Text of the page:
Vince Palladino has entered many an Idylwylde Invitational Golf Tournament as one of the favourites. But for the first time in more than a decade, he will also be carrying the mantle of "defending champion."
Palladino, who captured a record-setting sixth championship at Canada's longest-running match play event last July, was on hand Wednesday afternoon at a media reception at the golf and country club, with the 65th version of the competition only days away.
"I love the tournament and I want to be here as often as I can be, and I want to be competitive," Palladino said.
Despite not playing nearly as often as in his late teens and early 20s, the long-time local businessman was absolutely ecstatic with his performance in 2011, displaying that ability to really bring it all together over three consecutive days.
"Last year ranks among the best I've every played," he said. "Maybe in 1992, I had as much game as I did last year. If you think of last year, I never went past the 16th hole (in any match) and I don't think I could ever say that before."
While his game has certainly evolved over time, Palladino is also pleased with the development of his home course, one in which he takes great pride sharing with other top golfers from across the province.
"In general, the course is a lot greener than it ever was," Palladino said. "Right now, you're not seeing the ball run out as much. It certainly plays longer, although on paper it doesn't look like a long golf course."
If Palladino is to repeat, there's a chance that on top of the annual contenders to the throne, he might well run head-to-head into Dave Bunker, one of Ontario's most decorated amateur golfers.
The Brampton native, who captured the Ontario Mid-Amateur Championship in three consecutive years running from 2008 through to 2010, has never previously entered the Idylwylde Invitational, though he did get an initial look at the course in 2010, competing in the Ontario Amateur Golf Championship at the same venue.
He will head to Sudbury carrying a little momentum, having finished second to Drew Symons at the Investors Group Mid-Amateur at Cobble Beach Golf Links in June and placing seventh last week at the Ontario Amateur Championship against many athletes several years his junior. In fact, every one of the six competitors who finished ahead of the 47-year-old golfer were sandwiched between the ages of 20 and 22.
Understandably, tournament chair Robert Coe is pleased to be able to add a player of Bunker's calibre to the field, though he said players come north for a few very good reasons.
"The quality of play and word of mouth," Coe said. "Top players don't get a lot of opportunity to get this kind of a format. And while the golf is outstanding, there is also a fun factor to this event."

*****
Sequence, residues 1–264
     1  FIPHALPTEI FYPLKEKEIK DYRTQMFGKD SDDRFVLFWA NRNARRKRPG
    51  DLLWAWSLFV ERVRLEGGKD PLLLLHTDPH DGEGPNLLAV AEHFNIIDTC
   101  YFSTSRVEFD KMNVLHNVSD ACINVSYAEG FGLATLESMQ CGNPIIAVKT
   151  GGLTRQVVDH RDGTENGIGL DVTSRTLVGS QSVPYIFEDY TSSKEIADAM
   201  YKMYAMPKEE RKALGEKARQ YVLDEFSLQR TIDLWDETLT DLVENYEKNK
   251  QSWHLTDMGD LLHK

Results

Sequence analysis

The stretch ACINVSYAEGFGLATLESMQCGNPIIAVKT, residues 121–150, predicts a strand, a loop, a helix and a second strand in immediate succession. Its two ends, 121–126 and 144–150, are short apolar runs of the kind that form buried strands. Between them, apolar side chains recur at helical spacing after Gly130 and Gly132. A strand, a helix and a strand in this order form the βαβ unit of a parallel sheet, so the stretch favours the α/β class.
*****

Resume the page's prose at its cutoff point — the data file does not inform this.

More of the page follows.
There is also a uniqueness to match play golf that can sometimes help level the playing field, relative to pure stroke play events, according to Coe, who is celebrating his 14th year at the helm.
"Because of the format, if you have one bad hole, you're not out of the tournament," he said. "If you're not 100 per cent on your game, you can still win a very tough match."
Blind River native Jay Jewett had a streak of five straight appearances in the championship flight snapped one year ago, and he fully agrees with the assessment of the tournament chair.
"You really have two tournaments in one," Jewett explained. "On Friday, you really look to be consistent, don't make any big numbers and come in with a decent score, so that you position yourself for the weekend.
"On the weekend, you can be more aggressive, where a double or triple (bogey) isn't really going to hurt you — it's only one hole."
That advice has seemingly worked its way through to a complete newcomer to the tournament — New Zeland junior golf sensation Antony McCullough.
A student at the University of Otago back home, McCullough met former Idylwylde golf pro Ryan Bastien in New Zealand, after the Canadian golfer accepted a position at McCullough's home course. Sharing information, McCullough soon found himself in northern Ontario, working for the summer at the Idylwylde Golf and Country Club.
Boasting a fairly impressive golf résumé, McCullough was granted entry into this year's Invitational, comfortable in the knowledge he has gained playing 50 to 60 rounds on his new course.
"The big piece of advice is to get through Friday," he said. "That, and keeping the ball below the hole. Coming from a links course back home, I'm just a wee bit happy that the greens are firm.
"This is a great risk-reward course," McCullough added. "You have to put the ball in the fairway. You play this golf course more from the tee to the green. Back home, you work you're way back a lot more."
Come Friday, McCullough and more than 190 golfers will look to crack the top 16, giving themselves a shot at the gruelling match play marathon that ends late Sunday afternoon after four rounds of golf in roughly 36 hours.
Posted by Laurel Myers